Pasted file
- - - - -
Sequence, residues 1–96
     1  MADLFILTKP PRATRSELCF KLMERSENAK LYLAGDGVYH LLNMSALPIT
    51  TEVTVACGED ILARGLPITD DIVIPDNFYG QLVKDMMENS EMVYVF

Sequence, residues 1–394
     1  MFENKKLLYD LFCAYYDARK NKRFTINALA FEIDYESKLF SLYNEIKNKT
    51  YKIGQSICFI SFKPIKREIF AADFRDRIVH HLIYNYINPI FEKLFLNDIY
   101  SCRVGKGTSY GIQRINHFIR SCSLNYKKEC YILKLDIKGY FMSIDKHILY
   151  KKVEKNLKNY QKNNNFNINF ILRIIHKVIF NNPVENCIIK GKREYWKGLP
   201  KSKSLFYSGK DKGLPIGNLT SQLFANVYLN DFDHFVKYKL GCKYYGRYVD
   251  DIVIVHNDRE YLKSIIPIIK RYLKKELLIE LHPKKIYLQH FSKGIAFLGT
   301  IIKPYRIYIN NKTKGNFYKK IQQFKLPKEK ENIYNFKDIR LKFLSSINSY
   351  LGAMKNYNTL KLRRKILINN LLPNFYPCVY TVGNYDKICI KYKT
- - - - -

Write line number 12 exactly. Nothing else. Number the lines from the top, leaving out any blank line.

   351  LGAMKNYNTL KLRRKILINN LLPNFYPCVY TVGNYDKICI KYKT